I use Sharebuilder for buying and selling stock. Since I'm still only starting out, I don't have a lot in there (no more than a couple thousand), and my purchases have never been for more than a couple hundred dollars at a time. I've always been curious how stock sales and purchases are handled with much higher volumes. Can the well-known groups of online trading sites handle trades in the hundreds of thousands of dollars? How about millions? Is there some kind of special process that needs to be gone through for larger purchases, or does it not really make a difference?

3 Answers 3


Do you mean kinda big amounts, or REALLY big amounts (like Warren Buffett-sized amounts)?

Stocks on the American markets are traded in lots of 100 shares (called "round lots"). For these amounts you can either call up a broker or go to an online brokerage and place your order in directly to the floor. It's executed in seconds (usually) and you have your shares for a commission of a few bucks.

This is in contrast to what you're doing with Sharebuilder. You can buy in less than 100-share increments, but you're paying more per share in the long run to do so because you're actually buying an allocation of a round lot from Sharebuilder.

If you're buying a whole lot of shares, then usually you have to do so gradually (and not tell anyone you're doing so, especially if you're Warren Buffett). If you were to put an order for 1,000,000 shares at once, you could end up paying a lot more than you need to because it might not be the case that there are enough sellers to sell you 1,000,000 shares at near the current price. The price will go up until your order is filled, but that could take a while.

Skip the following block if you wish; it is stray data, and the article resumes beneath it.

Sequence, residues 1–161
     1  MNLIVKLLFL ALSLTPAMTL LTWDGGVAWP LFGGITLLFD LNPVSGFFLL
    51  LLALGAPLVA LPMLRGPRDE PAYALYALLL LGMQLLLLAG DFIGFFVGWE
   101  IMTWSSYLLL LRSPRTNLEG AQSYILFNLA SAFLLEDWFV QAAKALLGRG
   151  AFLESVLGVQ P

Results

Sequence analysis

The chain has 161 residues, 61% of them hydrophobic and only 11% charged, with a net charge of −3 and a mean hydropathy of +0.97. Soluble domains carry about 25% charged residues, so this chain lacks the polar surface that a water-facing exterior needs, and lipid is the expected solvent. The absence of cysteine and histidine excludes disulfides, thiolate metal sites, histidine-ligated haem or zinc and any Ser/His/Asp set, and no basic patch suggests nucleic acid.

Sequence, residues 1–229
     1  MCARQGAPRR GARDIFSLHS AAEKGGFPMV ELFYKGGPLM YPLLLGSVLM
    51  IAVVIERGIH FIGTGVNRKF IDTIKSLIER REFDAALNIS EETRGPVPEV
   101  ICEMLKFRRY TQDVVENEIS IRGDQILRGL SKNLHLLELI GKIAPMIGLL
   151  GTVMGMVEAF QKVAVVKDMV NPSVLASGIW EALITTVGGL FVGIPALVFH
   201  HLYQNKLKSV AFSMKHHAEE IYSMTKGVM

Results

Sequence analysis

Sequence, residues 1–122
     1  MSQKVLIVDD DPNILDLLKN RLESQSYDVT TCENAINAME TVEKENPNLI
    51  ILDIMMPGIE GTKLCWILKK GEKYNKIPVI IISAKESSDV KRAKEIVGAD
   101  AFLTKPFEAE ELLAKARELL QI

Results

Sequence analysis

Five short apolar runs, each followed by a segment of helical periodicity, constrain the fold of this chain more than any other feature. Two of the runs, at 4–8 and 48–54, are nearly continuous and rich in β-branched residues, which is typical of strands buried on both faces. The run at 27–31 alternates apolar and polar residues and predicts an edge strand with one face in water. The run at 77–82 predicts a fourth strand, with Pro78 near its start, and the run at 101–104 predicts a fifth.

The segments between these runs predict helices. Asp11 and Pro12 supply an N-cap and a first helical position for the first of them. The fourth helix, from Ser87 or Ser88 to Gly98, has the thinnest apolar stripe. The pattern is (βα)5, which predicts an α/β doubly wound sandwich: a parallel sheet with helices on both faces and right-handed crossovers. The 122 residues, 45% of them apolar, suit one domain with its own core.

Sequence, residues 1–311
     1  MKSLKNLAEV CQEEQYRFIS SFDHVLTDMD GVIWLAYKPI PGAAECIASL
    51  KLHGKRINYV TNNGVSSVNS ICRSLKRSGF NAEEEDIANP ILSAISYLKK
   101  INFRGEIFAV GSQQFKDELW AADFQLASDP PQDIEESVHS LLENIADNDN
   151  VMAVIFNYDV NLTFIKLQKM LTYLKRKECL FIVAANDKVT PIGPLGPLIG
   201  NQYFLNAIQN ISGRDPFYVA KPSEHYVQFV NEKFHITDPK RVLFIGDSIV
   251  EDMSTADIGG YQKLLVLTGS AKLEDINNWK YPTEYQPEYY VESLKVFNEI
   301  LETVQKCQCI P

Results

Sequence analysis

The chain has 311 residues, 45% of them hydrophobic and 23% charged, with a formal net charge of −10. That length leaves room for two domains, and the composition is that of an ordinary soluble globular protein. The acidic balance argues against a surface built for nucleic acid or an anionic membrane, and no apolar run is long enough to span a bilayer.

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    My discount broker will take orders for odd lots. Wouldn't most, nowadays? Of course, even low flat-rate commissions can increase costs substantially when only buying a few shares at a time. Aug 9, 2010 at 1:18
  • I did mean Warren Buffet-sized amounts. Do you say I'm paying more in the long run with Sharebuilder (or anything in an odd lot) because of the fee for each smaller purchase, or because I am buying the shares at a different price than if it was a round lot?
    – Paul Kroon
    Aug 9, 2010 at 16:16
  • Basically, yes. If you're buying $200 worth of a $50 stock at a time, you'll pay $100 in fees for a round lot (25 * $4 with ShareBuilder) rather than $10 or less in fees if you buy them all at once.
    – mbhunter
    Aug 10, 2010 at 4:10
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    Nowadays Buffett just buys the company :)
    – BlackJack
    Aug 12, 2011 at 2:53
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    @BlackJack and how do you think he does that?
    – Aron
    Mar 13, 2015 at 10:06

Trades of very large amounts of stock are called "block trades." They are usually handled by a large investment house (typically NOT a Charles Schwab or TD Ameritrade).

The logical buyer for "institutional" amounts of stock are other institutions. A Goldman Sachs (or Morgan Stanley) will call up Fidelity, T. Rowe Price, Vanguard, etc. and say, "an institution has so many shares they want to buy (or sell) around the market price. Do you have a bid (to buy) or ask (to sell). The brokerage house will then go back to the first institution with a price. If there is a "match," the deal is done. In large size, this is called a "cross." Kudos to the broker.

Usually it's around the "old" market price. But because of the large size, it might not be. If it's off, it might set a "new" market price.

  • Fascinating, I love hearing more about these behind the scenes things. What mostly goes on in the NYSE floor if its mostly digital?
    – Tallboy
    Jan 24, 2021 at 7:38

Some brokers offer special order types for handling this. For example, Interactive Brokers has a "Accumulate / Distribute Algorithm."


Accumulate/Distribute is a sophisticated trading algorithm which allows one to buy or sell large orders by splitting the trade into multiple orders with the goal of reducing visibility and market impact.

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